During the first half of 2019, the United States will see a shift away from El Niño conditions as equatorial ocean currents begin to cool into the summer, Art Douglas, Ph. D., professor emeritus at Creighton University, told the audience during the popular 2019 CattleFax Outlook Seminar. The session, held as part of the 2019 Cattle Industry Convention and NCBA Trade Show in New Orleans, La., saw a capacity crowd as cattlemen and women gathered to hear expert market and weather analysis.
Douglas explained the developing trend will turn the eastern third of the United States drier, as the jet stream pushes moisture from the Gulf of Mexico across the southern tier of the nation. “After a cooler February, the United States will mostly enjoy a relatively mild spring with a reduced threat of delayed planting,” said Douglas. He pointed out that summer weather will be dependent on how quickly El Niño conditions fade.
“La Niña conditions are unlikely in the next eight months as the equatorial current shows only slow cooling,” said Douglas. “The residual warmth along the equator will lead to a wetter summer in the southern half of the U.S., while warm waters off the coast of Mexico will favor an active monsoon season in the Southwest.”
Turning to the market outlook, CattleFax analyst Kevin Good said he expects prices will remain strong, with demand and the economy expected to remain solid.
“We’ve been on one heck of a good run for a few years and I expect that to continue into 2019,” said Good. “However, we expect to see margins begin to compress and leverage to shift from the cow-calf and stocker sectors to the feeder as we expand the supply of cattle.”
He said price risk remains over the next few years in response to the last five years of expansion. The beef cowherd expansion cycle is believed to be within 1-2 years of being complete.
“Cattle producers, on average, will receive a smaller percentage of the retail beef dollar as larger cattle supplies increase price pressure across all segments of the industry,” said Good. “Retail beef prices will likely see some inflation in 2019, but larger beef, pork and poultry production will be price limiting.”
However, domestic demand remains robust and higher wages and job growth are supportive of prices. CattleFax projects the all-fresh retail beef price to average $5.73/lb., up $.06 from year ago levels, while the composite cutout will rise $4 to average $216/hundredweight (cwt.) during 2019.
Going forward into 2020, economists see the potential for an economic slowdown, Good noted. “This may slow the benefits of recently strong consumer incomes and spending,” he said.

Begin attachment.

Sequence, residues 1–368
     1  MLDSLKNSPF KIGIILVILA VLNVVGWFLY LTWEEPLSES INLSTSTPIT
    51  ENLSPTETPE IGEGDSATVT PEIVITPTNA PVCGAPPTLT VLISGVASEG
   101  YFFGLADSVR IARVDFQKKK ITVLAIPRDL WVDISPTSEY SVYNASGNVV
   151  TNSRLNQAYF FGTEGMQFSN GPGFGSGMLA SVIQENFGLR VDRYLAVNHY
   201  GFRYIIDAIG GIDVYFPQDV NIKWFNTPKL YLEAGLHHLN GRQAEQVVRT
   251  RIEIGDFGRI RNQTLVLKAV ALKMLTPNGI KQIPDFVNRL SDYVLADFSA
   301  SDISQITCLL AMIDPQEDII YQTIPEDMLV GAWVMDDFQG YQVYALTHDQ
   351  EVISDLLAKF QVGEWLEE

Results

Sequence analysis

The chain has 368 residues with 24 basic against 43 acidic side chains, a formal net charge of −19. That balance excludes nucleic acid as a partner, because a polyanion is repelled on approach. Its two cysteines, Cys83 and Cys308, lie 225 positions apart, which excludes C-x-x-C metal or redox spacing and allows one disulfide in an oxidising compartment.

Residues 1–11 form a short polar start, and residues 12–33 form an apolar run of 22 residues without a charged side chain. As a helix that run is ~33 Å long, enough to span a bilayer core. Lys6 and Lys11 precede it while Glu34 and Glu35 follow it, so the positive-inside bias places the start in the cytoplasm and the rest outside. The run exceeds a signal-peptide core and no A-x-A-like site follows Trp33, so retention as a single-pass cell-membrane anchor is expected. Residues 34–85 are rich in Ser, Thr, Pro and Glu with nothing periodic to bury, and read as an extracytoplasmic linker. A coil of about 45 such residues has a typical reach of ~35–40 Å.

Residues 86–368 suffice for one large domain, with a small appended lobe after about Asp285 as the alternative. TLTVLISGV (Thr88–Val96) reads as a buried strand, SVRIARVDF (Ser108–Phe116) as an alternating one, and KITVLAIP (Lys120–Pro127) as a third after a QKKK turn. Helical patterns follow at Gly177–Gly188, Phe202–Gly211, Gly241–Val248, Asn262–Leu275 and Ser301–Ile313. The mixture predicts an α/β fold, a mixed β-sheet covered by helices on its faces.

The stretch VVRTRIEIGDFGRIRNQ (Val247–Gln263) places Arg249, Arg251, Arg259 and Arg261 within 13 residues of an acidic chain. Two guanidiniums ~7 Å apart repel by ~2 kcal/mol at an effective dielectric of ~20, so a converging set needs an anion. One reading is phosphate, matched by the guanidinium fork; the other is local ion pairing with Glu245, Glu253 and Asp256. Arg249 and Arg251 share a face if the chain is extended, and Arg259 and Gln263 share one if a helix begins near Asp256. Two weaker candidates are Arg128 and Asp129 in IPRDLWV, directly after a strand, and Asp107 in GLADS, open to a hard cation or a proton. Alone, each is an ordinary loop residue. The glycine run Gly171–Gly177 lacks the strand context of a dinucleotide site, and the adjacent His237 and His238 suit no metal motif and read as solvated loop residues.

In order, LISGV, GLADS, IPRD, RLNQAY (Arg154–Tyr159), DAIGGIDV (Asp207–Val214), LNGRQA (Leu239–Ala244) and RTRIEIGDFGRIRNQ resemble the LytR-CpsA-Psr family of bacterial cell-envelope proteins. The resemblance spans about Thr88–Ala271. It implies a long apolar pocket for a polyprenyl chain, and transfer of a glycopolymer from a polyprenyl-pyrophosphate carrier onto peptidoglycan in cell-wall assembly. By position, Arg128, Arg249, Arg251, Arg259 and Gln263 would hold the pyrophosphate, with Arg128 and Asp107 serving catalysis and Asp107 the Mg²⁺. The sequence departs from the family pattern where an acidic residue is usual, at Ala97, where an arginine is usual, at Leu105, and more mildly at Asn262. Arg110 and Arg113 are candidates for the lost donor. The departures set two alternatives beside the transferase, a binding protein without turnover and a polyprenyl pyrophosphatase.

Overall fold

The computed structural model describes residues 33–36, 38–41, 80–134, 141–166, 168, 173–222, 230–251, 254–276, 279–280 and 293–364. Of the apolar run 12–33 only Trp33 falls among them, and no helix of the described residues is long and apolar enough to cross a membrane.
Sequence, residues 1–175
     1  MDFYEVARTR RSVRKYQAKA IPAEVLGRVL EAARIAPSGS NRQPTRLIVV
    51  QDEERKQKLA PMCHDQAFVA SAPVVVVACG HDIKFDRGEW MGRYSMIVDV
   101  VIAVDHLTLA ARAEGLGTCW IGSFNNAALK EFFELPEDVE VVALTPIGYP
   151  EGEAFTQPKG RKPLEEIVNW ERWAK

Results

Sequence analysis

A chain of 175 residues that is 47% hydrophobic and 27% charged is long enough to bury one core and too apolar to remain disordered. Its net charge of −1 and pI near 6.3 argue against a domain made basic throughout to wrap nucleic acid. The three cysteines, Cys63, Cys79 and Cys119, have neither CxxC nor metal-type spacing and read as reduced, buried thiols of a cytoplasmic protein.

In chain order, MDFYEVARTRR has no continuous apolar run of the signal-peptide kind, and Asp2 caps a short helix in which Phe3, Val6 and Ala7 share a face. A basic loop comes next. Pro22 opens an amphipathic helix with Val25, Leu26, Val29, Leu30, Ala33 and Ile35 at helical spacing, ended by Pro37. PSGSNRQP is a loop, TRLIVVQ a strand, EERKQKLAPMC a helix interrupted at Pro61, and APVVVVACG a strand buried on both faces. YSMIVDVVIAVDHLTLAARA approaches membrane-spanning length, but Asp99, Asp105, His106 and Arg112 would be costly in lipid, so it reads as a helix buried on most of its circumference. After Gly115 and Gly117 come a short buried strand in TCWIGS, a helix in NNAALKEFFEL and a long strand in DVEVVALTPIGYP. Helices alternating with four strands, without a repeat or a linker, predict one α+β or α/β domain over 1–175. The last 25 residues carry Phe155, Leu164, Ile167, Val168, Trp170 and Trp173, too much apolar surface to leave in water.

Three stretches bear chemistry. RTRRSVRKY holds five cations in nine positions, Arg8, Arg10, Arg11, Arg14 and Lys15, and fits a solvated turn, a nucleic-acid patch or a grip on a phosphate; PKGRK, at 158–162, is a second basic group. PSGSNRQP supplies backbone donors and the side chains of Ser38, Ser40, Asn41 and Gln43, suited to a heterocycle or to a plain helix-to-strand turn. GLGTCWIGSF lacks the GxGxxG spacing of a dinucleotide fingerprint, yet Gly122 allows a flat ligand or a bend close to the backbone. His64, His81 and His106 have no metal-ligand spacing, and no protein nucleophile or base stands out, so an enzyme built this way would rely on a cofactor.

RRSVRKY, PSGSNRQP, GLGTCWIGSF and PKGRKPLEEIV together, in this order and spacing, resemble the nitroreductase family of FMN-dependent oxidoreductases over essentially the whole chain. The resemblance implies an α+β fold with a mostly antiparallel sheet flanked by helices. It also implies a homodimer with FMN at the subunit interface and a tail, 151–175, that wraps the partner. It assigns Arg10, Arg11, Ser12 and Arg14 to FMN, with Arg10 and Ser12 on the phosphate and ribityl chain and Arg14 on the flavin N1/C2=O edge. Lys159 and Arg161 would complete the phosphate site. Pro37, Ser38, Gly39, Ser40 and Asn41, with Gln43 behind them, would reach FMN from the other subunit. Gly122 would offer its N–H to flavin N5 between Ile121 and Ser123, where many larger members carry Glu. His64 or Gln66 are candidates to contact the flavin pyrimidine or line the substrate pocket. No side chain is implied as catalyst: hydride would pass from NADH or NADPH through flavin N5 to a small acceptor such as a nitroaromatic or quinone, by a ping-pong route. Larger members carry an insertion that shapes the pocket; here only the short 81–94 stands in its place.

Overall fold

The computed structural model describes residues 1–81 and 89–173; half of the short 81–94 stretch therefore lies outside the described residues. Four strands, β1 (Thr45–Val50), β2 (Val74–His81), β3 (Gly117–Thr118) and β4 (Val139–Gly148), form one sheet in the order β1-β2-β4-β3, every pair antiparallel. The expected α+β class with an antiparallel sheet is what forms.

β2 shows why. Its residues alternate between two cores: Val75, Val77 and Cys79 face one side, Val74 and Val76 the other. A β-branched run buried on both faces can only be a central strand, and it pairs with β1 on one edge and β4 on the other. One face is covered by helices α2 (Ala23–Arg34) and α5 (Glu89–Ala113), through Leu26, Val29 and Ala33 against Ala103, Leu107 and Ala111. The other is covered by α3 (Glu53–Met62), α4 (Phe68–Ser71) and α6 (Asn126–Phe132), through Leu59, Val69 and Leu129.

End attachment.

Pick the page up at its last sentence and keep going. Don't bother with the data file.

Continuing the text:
Fed cattle prices are expected to be steady during 2019, averaging $117/cwt., with market resistance at the $130-level and downside risk to $100/cwt. at the low end of the trading range, according to Good. He said a larger supply of cattle outside of feedyards coupled with limited profitability in the feeding sector will hinder demand and pressure feeder cattle prices. CattleFax projects 750 lb. steer prices will range from $130-$160/cwt., with an average at $147/cwt. for the year ahead.
“The relatively strong calf market we saw in 2018 will be under pressure this year,” said Good. “However, values in the spring should have the potential to reach the mid-$180s. On the other hand, a larger calf crop and softer demand have the potential to erode prices to the $140-level next fall, so there is certainly more price risk in feeder cattle and calves than in the fed cattle markets in 2019.”
Feed and grain prices are expected to remain stable during the year ahead, with corn acreage increasing an expected 2 million acres to total 91 million acres and soybeans declining 2.2 million acres to 87 million and wheat gaining 1 million acres to total 49 million.
“Corn is expected to trade in a range of $3.60 to $4.10 per bushel during the first half of the year,” said CattleFax analyst Mike Murphy, who also pointed out that hay acreage isn’t expected to change significantly from 2018, but better winter precipitation across much of the United States should help provide a strong start to the 2019 hay crop.
Good explained that cull cow prices will have additional downside risk during the year ahead. “Years of expansion and poor operating margins in the dairy sector are generating more cull cows, which weighs on the markets,” he told the audience. “The additional supply and the limited packing capacity for non-fed cattle will result in a market which averages approximately $55/cwt. during 2019, with a spring high near $60/cwt. and a fall low in the lower $40s.”
CattleFax analysts said the global trade outlook is currently supportive for the U.S. beef industry, with strong demand in many overseas markets. However, they note that trade disruptions could have significant impacts on the market outlook. Ratification of the pending U.S./Mexico/Canada (USMCA) agreement will be crucial to markets this spring. Likewise, the possibility of a bilateral trade agreement with Japan could create a positive upside to the market this year.
CattleFax CEO Randy Blach closed the session with a reminder about the importance of international markets to the beef industry.
“Long-term, the profitability of our industry is tied to trade,” he said. “We must have open markets and science-based trade standards for our products if we’re going to continue the run of profitability we’ve experienced in recent years.”